Is premium art a sound comparison to premium domain names?

By , June 18, 2010

That is the question posed by DomainSuperstar upon reflecting on the WSJ’s observation that the wealthy appear to be fleeing to tangibles such as art.

To his first question, will the wealthy start investing in premium domain names the same way they seem to be doing in art, I cannot guess. While I’ve made predictions in the past, and sometimes even happened to be correct, the main refinement to my overall investment methodology over the years since the advent of the Global Financial Crisis is that I cannot predict the future. Long story and certain to be the subject of other posts.

So who knows….maybe money does start flowing into premium domain names. I just don’t know.

What I can say however, is that there are indeed many parallels between art and domains. You can lose your shirt in both.

The similarities are striking: Art, like domains are generally unique. Neither of them throw off any cash on their own, although domains can be parked for PPC revenues and I suppose artwork could be leased? (does it work like that? I have no idea).

Both are highly illiquid and despite what the Wall Street Journal article says, neither of them are a store of value.

For the most part, all activity centers around price action, not intrinsic worth, making them more speculations than investments. But, don’t take my word for it. I reached for my trusty copy of John Train’s Preserving Capital: And making it grow, who had a lot of great insight into “art as investment”. As I read through it I found many instances where I could simply swap out the word “art” for the word “domains”. Allow me to quote at length:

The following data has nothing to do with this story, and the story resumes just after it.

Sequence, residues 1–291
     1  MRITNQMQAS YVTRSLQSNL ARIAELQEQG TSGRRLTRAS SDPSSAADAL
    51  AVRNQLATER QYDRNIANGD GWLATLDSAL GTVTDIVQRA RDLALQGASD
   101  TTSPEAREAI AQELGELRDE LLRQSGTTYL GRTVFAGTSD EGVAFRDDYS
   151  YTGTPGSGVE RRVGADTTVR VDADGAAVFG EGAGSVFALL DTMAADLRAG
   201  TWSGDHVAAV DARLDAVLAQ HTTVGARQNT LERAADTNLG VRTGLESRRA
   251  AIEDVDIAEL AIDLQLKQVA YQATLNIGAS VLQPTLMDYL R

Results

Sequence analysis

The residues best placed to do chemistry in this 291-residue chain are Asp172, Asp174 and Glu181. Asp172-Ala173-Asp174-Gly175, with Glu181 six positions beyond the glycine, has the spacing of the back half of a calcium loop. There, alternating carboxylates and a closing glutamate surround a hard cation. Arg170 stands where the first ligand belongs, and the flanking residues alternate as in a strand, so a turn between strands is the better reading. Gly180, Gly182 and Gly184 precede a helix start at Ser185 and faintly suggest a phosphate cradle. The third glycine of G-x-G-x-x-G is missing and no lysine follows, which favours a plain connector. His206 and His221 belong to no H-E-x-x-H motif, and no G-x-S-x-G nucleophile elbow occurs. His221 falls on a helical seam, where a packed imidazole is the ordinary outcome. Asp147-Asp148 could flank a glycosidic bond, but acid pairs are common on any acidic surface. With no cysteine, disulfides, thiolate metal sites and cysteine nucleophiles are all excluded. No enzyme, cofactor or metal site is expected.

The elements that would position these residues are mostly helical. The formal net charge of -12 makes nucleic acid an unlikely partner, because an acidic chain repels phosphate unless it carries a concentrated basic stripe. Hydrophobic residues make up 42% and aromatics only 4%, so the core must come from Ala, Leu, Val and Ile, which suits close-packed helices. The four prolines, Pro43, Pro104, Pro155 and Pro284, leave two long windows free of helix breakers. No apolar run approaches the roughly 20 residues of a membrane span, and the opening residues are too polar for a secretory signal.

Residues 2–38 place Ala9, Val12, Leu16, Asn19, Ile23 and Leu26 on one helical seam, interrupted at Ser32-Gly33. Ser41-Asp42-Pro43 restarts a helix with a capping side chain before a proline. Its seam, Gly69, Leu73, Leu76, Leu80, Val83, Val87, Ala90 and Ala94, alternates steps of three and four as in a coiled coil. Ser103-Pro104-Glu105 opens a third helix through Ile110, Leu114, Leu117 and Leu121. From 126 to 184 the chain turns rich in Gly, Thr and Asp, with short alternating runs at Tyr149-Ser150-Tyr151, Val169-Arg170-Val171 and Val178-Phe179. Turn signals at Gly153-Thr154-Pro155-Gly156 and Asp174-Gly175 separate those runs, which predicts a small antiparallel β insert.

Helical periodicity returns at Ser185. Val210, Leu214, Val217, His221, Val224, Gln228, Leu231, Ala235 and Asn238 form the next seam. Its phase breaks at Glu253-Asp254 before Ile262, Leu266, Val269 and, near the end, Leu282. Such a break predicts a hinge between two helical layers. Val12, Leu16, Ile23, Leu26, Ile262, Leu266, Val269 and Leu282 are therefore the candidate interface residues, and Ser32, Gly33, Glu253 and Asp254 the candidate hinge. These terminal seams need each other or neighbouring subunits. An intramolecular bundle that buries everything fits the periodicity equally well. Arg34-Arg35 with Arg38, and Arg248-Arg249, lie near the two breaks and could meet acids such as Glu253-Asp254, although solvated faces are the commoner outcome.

Since there is no current cash return from a work of art, it is more accurate to talk about “speculating” in art than “investing” in it. The buyer hopes that others will eventually pay more for the object than he did; enough more to cover two heavy commissions, taxes, lost interest [my note: let’s call this opportunity cost in general] insurance, and possibly storage.

The only good reasons to buy a work of art are that you know a lot about it and want to live with it. Buying art to make money is a vulgar business, and rarely successful for the non-professional. [Emphasis added].

I suggest that the standard slogans one hears about investing in art are only true for the expert. Here are some restatements for the non-expert:

1. First, works of art in general probably do not tend to increase in value

Quite often specific schools or categories advance in value for some time, but others may quietly decline or even fade out completely. Also, sometimes the advance is based on a small number of transactions…..

Then we have the further problem that the expression “increase in value” presumably means increase in relation to other things. I suspect the average work of art steadily declines in constant-dollar terms from the date it is first sold, but a fairer approach in a discussion of investment would be to ask: How does it make out in relation to the least interesting investments in securities? If you reckoned a total return of 6 percent compounded on a portfolio of securities, a dollar in 1923 would have become over thirty dollars by this time [ 1983 ], before taxes.

I doubt if anyone could claim that all the works of art that changed hands in 1923 are worth on average over thirty times as much as they were then.

There’s too much to quote here, but it’s all pretty interesting and yes, strikingly similar to domains. They both contain their own challenges and are dangerous terrain for the non-expert.

However, in one key respect, art differs from domain names: art will definitely be around in 1000 years. There is no guarantee “DNS” as we know it will still exist for another 25. Domain names could easily become obsolete within our lifetimes. Art won’t.

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